The last straw for those senators? An inspector general's report pointing to systemic issues in the V.A. system, noting in Phoenix, 1,700 veterans were never put on a waiting list and were likely lost or forgotten.

As for the White House, an official cautions, the president's loyalty only goes so far. Mr. Obama stood by HHS Secretary Kathleen Sebelius because officials were confident here that the broken Obamacare Web site could be fixed. The White House is not so sure about Shinseki's ability to repair the damage at the V.A. -- John and Christine.


ROMANS: All right. Jim Acosta, thanks for that.

All this comes at the same time more Democrats are joining the chorus, calling for a larger investigation, including Congressman Steve Israel, the head of the Democratic Congressional Campaign Committee.

He tells Jake Tapper on "THE LEAD," he's now asked Attorney General Eric Holder to launch a criminal probe to find out just what happened.


REP. STEVE ISRAEL (D), NEW YORK: Anybody, anybody at the V.A. doctored papers, engaged in a cover-up, withheld health care for veterans. They need to be investigated. They need to be prosecuted. They need to be fired.


ROMANS: The inspector general's report finds the V.A. awarded bonuses to top officials based in part on performance goals, including shorter appointment wait times. That's right, financial bonuses to managers and then the vets suffered. There may have been incentive for them to cook the books.

BERMAN: You heard Steve Israel talking to Jake there on "THE LEAD." The real significant issue there is Steve Israel's a member of the Democratic leadership in the House, and he is now calling on Eric Shinseki to resign, which shows you just how difficult the situation is now for the secretary.

All right. Thirty-six minutes after the hour.

This morning, the NSA insists Edward Snowden never complained to them, refuting Snowden's claims in an NBC interview that he repeatedly raised concerns about the agency spy programs when he worked for them as a contractor. He says he was told to stop asking questions. The NSA made public one e-mail he says he sent, asking about the legal power of an executive order but says it has no records of showing any other communications from Snowden. In this e-mail, the writer invites Snowden to get in touch with any additional questions he may have. Snowden called the e-mail release incomplete.

ROMANS: Weeks after the U.S. alleged Chinese military officials were responsible for stealing trade secrets from U.S. companies, we're getting a new sense this morning of just who else might be working to break into U.S. computer systems. "The Wall Street Journal" says it appears many of those trying to get access to systems in this country are Chinese contractors, not government employees. Security experts say that makes it difficult for the Chinese government to stop them, even if they're doing work for state-owned firms.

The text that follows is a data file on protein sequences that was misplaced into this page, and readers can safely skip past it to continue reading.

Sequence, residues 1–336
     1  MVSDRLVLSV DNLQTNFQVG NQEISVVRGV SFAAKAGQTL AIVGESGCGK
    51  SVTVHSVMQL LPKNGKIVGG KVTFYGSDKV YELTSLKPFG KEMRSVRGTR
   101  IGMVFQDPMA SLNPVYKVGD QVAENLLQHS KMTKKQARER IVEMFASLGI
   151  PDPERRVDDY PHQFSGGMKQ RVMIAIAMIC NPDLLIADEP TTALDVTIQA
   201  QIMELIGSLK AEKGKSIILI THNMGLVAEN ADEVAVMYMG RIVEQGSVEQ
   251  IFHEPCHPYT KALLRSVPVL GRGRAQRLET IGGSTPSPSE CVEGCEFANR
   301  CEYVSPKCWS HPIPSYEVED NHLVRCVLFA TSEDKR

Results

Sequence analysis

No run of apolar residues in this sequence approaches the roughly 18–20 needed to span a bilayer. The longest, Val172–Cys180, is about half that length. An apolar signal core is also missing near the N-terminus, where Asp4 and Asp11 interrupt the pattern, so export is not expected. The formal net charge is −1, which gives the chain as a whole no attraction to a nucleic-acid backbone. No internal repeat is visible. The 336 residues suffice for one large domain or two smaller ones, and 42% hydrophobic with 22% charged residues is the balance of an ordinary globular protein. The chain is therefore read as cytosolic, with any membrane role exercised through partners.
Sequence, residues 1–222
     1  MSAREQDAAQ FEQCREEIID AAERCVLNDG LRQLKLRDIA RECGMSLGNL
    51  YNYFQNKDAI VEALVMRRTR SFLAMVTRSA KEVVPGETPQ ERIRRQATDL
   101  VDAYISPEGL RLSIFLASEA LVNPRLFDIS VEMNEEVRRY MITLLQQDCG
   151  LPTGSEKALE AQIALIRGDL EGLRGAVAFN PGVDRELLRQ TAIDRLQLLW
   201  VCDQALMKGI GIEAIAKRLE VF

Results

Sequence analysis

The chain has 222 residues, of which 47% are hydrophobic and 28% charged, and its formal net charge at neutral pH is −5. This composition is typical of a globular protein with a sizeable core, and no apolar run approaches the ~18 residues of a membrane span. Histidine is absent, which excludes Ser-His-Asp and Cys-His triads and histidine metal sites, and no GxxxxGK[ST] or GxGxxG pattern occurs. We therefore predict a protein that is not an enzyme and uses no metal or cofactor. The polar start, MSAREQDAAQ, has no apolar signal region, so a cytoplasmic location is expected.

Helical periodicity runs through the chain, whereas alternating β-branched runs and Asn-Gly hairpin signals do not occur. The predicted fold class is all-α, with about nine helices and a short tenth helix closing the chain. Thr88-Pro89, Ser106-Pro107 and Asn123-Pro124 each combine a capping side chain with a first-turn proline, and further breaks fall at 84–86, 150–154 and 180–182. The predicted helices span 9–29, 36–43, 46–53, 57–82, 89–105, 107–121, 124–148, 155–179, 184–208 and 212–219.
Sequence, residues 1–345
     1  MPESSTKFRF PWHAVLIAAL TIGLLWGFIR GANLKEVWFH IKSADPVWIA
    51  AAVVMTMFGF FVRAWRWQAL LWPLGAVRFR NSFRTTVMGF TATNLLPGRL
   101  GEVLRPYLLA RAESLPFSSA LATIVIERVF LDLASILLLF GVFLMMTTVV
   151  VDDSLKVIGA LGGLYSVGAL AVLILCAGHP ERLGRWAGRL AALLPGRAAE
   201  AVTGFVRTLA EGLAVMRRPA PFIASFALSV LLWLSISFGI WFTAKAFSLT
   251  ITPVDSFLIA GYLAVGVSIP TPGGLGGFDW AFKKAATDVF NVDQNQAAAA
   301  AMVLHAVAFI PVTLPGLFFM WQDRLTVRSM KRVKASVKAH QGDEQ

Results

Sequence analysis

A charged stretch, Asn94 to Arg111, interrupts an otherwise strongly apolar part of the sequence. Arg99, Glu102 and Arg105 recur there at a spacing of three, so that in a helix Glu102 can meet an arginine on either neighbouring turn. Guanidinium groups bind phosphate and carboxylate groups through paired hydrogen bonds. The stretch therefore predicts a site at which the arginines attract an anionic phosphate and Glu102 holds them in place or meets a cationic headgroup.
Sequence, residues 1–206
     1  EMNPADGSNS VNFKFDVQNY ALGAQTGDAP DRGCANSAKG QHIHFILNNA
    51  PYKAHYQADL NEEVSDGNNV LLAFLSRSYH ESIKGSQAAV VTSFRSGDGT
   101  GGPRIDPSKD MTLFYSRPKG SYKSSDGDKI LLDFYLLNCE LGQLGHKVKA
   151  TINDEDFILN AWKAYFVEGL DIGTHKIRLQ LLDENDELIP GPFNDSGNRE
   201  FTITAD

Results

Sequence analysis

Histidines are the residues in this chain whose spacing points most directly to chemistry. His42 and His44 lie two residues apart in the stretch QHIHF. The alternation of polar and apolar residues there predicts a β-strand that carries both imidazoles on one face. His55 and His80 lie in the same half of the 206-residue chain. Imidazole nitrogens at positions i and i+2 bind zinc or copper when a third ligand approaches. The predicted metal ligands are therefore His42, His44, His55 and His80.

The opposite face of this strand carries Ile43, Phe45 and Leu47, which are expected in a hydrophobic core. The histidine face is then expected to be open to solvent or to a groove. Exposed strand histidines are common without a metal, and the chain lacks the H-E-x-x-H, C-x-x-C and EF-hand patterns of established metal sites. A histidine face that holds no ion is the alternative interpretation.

Time now for an EARLY START to your money. Record number 13 for the S&P 500, 1,920, a record high.

Futures slightly lower today. All three major indices here, they're ending the month higher. The NASDAQ up about 3 percent this month. Stock market records have helped out your bank account.

One thing you could spend it on? How about a trip to space? Virgin Galactic has been given the go-ahead to start planning commercial space flights. Flights will leave out of New Mexico and are expected to start later this year. The cost, a cool $250,000. So maybe your 401(k) is not going to be able to fund that, but it hasn't stopped the rich and famous. Nearly 600 people have signed up, including Leonardo DiCaprio, Ashton Kutcher, Justin Bieber are all on the list.

There's a joke in there somewhere about a space case. I'm not sure.

BERMAN: You know, I've covered the Virgin thing and their plans for privatization for a long, long time. It always seems to be getting pushed back, though. I feel for ten years, it's always been next year.

ROMANS: But now, they have FAA clearance.

BERMAN: Now, it really is next year.

ROMANS: This is the FAA clearance.

You know, I talked to Richard Branson about this recently. He's convinced and committed that they're going to be able to do it. They've got the funding. They're going to be able to do it, and Justin Bieber's going to go to space.

BERMAN: Will he come back? Stay tuned.

Thirty-eight minutes after the hour.

A real fight on Capitol Hill right now about the issue of school lunches and the program backed by First Lady Michelle Obama. A House committee has just advanced a bill that would let schools opt out of the new rules for a year if serving healthier meals causes them to lose money. The measure also, as I said, gives the schools a 12-month grace period to comply to the regulations.

Under them, schools have been adding more fruits and vegetables and cutting salt and fat.

ROMANS: Guess who stopped by for lunch at the White House? Hillary Clinton sharing a private meal Thursday with President Obama. It's not clear if little smokies and mac and cheese from the school lunch program were on the menu.

The power lunch was not on the president's official calendar. So, what did the current commander in chief and perhaps the future commander in chief discuss? The White House won't tell us.

BERMAN: It was just lunch.


BERMAN: Just lunch.

ROMANS: A college student who survived a California massacre that left six others dead is sharing his story for us this morning and why he thinks something can be learned from this tragedy. You're going to hear from him after the break.